Information overload

Providing the right information effectively to your employees is crucial for business success  too. Only half (53%) of respondents said internal communication is effective in their organisation. "In too many cases, managers inundate staff with content whether it’s relevant or not, resulting in employees ignoring key messages," says the report.

In today’s working life, the constant bombardment of emails and instant messages popping up on our screens can be overwhelming. The average office worker misses important or useful information at work four times a week, and 38% miss information at least once a day because they’ve been forced to manage too many communication channels. 

Lack of engagement

Getting internal communications wrong can lead to lack of engagement with the business: 60% of respondents admit to ignoring most information until someone personally brings it to their attention. What’s more, only 47% of the internal information shared with workers is relevant to them. 

Just as companies are making great strides to get to know their customers better and personalise their communications, businesses should be doing the same with their employees. The more workers feel their employers understand their needs, the more likely they will be to engage.

This involves ensuring that the information employees receive is relevant and personalised. Many staff find a centralised data store, like intranets, hard to navigate or filled with irrelevant or outdated information. The report suggests personalised information-feeds for each employee, sent by managers through a single channel can be much more effective.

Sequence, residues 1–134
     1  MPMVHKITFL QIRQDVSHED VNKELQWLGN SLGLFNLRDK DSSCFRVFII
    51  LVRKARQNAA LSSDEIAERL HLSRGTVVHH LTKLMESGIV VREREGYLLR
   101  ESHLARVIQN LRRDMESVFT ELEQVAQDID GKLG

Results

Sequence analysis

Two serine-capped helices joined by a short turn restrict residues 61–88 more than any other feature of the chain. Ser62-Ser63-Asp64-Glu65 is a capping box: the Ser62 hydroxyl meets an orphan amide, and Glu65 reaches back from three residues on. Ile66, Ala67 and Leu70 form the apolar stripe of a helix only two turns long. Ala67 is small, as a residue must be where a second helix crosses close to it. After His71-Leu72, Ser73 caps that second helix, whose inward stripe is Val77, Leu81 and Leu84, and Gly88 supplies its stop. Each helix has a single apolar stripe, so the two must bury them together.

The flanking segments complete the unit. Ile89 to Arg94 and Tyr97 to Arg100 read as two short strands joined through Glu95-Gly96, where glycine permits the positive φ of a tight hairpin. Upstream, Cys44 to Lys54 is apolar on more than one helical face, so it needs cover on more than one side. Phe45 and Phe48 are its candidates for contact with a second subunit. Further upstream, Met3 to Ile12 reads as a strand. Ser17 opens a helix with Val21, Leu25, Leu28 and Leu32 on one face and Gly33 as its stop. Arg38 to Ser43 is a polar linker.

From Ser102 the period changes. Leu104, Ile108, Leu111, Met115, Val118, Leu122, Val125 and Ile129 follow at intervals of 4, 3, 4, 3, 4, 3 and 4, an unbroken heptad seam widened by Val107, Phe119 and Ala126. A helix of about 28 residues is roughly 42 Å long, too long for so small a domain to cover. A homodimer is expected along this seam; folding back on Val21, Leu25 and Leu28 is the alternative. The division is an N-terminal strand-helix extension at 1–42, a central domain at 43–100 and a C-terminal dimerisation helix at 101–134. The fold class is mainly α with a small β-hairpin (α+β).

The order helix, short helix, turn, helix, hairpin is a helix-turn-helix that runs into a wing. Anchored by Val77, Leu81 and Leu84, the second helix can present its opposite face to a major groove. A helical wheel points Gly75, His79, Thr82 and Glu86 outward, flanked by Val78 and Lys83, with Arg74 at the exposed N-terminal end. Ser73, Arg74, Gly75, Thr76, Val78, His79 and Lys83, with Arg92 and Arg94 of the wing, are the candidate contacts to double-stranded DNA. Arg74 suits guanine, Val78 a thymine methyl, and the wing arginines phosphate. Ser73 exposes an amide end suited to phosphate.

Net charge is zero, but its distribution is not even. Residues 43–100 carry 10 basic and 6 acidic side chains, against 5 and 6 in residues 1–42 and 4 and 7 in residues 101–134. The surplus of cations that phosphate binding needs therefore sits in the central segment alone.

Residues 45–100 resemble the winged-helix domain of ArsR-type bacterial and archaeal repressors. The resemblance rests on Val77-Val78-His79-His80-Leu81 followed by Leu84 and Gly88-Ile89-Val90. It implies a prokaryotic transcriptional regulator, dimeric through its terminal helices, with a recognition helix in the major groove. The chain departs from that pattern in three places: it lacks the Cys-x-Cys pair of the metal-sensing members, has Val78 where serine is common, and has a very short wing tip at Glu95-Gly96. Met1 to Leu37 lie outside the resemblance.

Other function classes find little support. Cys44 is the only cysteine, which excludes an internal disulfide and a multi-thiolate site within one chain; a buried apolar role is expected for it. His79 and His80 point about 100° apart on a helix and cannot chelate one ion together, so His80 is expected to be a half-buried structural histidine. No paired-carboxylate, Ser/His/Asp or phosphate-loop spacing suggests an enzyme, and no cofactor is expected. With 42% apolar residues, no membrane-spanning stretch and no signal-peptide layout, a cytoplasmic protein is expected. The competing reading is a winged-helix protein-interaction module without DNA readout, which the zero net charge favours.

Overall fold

Obstacles to collaboration  

Better problem-solving happens when individuals and teams are able to collaborate easily.
Yet, respondents claim they accept delays or a worse-than-expected outcome on a task/project on average three times each week because they don’t have the right collaboration tools. That could mean late or disrupted meetings, below par or incomplete documents and poorly organised cross-departmental projects. 

We all know that it’s not helpful to have multiple versions of the same file circulating around an organisation, and only one person able to work on a document at any one time. It causes wasted time and limits the scope for flexible working. 

It’s crucial that organisations invest in collaboration tools that employees can start using quickly and intuitively, which enable teams to work together anywhere in agile workspaces. IT in the workplace needs to mirror the consumer technology experience, otherwise it may be rejected by employees.

Failing to train

But it is not just a question of acquiring the right technology and tools. If staff don’t know why the technology has been introduced or have the knowledge or skills to use it, it will be a complete failure. Yet worryingly, the report shows that a staggering 77% of respondents say that at some point they have been given technology such as laptops, mobile devices, or business software without knowing how these tools will benefit their role or how to use them.

Businesses must really sell the benefits of any new offering, focusing on the needs of their staff. It is crucial that training take place before any change. Employees should also be asked to give feedback after roll-out. Most importantly, argues the report, the goal must be realistic. Adoption should increase over time rather than businesses expecting immediate uptake.  

Future proofing

The demand for remote and agile working – and the right tech to enable it – is only going to increase as Generation Z enter the workforce. These ‘digital natives’ have grown up using social tools to stay connected and want the flexibility to work from any location. 

Even within the current workforce, nearly half (48%) of respondents say the technology on offer would influence their decisions on future employers. 

As the report concludes: "Creating a truly modern workplace in which technology enables greater productivity and an improved user experience is not just good news for your current employees – it will encourage the best of breed next generation workers to apply too."

Download the Insight Report: The Employee Experience 

Discover more about Insight